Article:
HD photographs of Square de l'Abbe Migne inside Place Denfert-Rochereau - Page 6
We were in the 14th Arrondissement of Paris at the Place Denfert-Rochereau when we took these high definition photos showing one of the gardens located here called the Square de l'Abbe Migne.
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This first HD photo shows a section of the garden called the Square de l'Abbe Migne, which was originally laid out in 1880, and this is one of three gardens located within the Place Denfert-Rochereau close to the oldest train station in Paris.
And here you can see another part of the Square de l'Abbe Migne with its park benches positioned along one of the paths under the trees, and you will find that this garden was named after a French priest called Jacques Paul Migne. who was born in the October of 1800 and ended up publishing theological works and encyclopaedias for the Catholic priesthood.
Now you will find that many squares have monuments erected within them, and here you can see what is left of a Monument to Nicolas Toussaint Charlet who was a designer and painter that produced over 2000 lithographs, most of which were military related.
Yet here you can see another part of the Square de l'Abbe Migne with different varieties of trees and a flowerbed set into the grass, and the building you can see behind is actually the eastern historical building called the Barriere d'Enfer, which was designed to be a pavilion for the Wall of the Farmers General.
Paris is a city that prides itself on its green spaces and relaxation areas where you can get to discover many different types of flowers, just those you can see here in this close up photo, and whatever time of year you see this garden there is always different colours and flowers from Tulips through to Irises, etc.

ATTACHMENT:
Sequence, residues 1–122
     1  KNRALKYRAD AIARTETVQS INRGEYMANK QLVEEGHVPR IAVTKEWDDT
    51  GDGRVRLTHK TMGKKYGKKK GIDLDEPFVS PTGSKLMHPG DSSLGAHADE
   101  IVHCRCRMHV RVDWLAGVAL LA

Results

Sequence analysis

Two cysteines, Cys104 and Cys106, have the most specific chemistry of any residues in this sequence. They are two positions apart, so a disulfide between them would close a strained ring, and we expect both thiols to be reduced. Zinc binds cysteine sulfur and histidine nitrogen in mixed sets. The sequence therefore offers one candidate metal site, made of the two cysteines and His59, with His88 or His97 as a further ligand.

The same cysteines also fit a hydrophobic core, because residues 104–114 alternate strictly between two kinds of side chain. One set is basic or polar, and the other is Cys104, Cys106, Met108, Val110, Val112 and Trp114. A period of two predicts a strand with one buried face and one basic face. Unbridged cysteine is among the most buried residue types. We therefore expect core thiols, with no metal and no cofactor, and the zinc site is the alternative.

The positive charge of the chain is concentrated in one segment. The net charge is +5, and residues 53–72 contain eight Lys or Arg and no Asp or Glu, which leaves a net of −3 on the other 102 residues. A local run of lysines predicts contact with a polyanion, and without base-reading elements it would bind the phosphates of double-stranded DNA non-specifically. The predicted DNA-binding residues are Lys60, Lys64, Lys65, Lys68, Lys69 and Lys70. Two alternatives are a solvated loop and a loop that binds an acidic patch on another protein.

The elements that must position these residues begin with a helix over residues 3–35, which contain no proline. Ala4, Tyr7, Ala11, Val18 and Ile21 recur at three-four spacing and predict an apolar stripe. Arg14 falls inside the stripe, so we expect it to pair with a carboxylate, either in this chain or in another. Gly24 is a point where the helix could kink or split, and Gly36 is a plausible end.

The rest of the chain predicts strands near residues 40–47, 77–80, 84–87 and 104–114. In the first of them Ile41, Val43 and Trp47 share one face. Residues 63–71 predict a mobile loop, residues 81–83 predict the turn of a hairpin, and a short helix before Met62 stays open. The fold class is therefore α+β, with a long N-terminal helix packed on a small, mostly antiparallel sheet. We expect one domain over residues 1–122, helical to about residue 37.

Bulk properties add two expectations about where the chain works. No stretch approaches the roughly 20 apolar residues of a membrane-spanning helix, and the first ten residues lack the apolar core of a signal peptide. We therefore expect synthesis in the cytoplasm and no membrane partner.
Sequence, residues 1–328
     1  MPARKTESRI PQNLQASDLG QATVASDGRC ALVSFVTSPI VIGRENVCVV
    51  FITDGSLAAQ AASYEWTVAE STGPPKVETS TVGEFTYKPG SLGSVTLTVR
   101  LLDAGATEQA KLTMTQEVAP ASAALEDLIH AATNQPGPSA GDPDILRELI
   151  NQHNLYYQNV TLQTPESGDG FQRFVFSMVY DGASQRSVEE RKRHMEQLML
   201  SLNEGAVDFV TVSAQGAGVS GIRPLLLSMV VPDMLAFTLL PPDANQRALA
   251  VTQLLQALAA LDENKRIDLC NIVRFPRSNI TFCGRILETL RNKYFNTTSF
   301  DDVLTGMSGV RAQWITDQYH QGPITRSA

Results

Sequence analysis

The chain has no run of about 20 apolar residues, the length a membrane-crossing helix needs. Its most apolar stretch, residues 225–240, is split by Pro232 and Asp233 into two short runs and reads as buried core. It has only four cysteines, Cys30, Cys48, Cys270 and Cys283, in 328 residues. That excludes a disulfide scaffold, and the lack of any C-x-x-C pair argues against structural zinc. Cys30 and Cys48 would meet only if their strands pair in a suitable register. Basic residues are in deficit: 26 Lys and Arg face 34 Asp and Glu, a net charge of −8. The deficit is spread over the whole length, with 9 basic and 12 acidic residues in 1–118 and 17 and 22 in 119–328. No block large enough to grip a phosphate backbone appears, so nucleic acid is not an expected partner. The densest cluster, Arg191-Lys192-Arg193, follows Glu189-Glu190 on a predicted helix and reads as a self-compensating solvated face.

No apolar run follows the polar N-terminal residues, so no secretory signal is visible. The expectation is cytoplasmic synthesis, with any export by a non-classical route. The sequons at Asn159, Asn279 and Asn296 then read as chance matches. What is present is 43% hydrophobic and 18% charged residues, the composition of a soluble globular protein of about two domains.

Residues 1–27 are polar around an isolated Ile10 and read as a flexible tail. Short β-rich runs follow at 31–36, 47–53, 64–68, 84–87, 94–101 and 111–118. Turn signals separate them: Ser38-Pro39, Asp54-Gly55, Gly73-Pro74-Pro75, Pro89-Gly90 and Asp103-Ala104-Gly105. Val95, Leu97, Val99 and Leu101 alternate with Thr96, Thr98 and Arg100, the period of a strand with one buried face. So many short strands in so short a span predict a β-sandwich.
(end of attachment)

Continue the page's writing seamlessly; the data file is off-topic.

Here is one of the boards showing the name of this square in Paris, yet to the right of the image you can see people queuing, as they were waiting to get into one of the popular tourist attraction called the Catacombes, which is the museum dedicated to the burial place of millions within the old quarries.
But getting back to the Nicolas Toussaint Charlet Monument, this was produced by the French sculptor Alexandre Charpentier, who was also a medalist and cabinet maker, and originally the entire monument was produced in stone, but being too fragile, the statues on it were cast in bronze, but unfortunately these were melted down during the occupation of Paris in World War II.
Therefore the only part remaining on the monument is the bronze medallion that is located on the column, which was produced by Alexandre Charpentier, that you can still see within the Square de l'Abbe Migne, and if you look carefully, a part of the building in the background is the Gare Denfert-Rochereau, historical train station, showing how close you are to other tourist attractions.
However, in this photograph you can see another section of the garden with its entrance, and you may be pleased to know that the Square de l'Abbe Migne is open 24 hours a day, so is ideal if you wish to have a break surrounded by nature.
Although this is another part of the garden with its flowerbeds, trees and bushes and like other green areas in the city, Paris has a policy of not using pesticides, so hence it has an ecological label, and another reason for naming the square after Jacques Paul Migne, was due to him founding a printing press in the area.
Whereas this photo shows a close up of the main tourist information board for the Square de l'Abbe Migne, which as you can see is from the Mayor of Paris and provides a brief history and the year 1880 when the square was created, along with information such as no cycling, skateboarding or playing football within the garden.
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